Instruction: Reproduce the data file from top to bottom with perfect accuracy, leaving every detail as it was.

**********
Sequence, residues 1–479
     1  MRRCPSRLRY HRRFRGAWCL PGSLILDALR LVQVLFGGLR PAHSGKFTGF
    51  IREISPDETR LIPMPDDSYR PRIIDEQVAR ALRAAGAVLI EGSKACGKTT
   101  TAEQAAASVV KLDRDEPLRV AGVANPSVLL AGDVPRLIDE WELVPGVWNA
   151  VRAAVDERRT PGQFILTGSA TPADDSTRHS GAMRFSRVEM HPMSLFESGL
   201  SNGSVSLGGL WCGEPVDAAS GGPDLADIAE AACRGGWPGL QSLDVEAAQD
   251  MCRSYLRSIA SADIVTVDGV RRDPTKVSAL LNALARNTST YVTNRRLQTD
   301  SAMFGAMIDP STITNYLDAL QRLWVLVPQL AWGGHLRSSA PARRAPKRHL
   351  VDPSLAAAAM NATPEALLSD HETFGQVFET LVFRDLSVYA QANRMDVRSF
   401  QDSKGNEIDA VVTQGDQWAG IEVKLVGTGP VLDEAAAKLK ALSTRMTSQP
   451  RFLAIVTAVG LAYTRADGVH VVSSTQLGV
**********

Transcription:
Sequence, residues 1–479
     1  MRRCPSRLRY HRRFRGAWCL PGSLILDALR LVQVLFGGLR PAHSGKFTGF
    51  IREISPDETR LIPMPDDSYR PRIIDEQVAR ALRAAGAVLI EGSKACGKTT
   101  TAEQAAASVV KLDRDEPLRV AGVANPSVLL AGDVPRLIDE WELVPGVWNA
   151  VRAAVDERRT PGQFILTGSA TPADDSTRHS GAMRFSRVEM HPMSLFESGL
   201  SNGSVSLGGL WCGEPVDAAS GGPDLADIAE AACRGGWPGL QSLDVEAAQD
   251  MCRSYLRSIA SADIVTVDGV RRDPTKVSAL LNALARNTST YVTNRRLQTD
   301  SAMFGAMIDP STITNYLDAL QRLWVLVPQL AWGGHLRSSA PARRAPKRHL
   351  VDPSLAAAAM NATPEALLSD HETFGQVFET LVFRDLSVYA QANRMDVRSF
   401  QDSKGNEIDA VVTQGDQWAG IEVKLVGTGP VLDEAAAKLK ALSTRMTSQP
   451  RFLAIVTAVG LAYTRADGVH VVSSTQLGV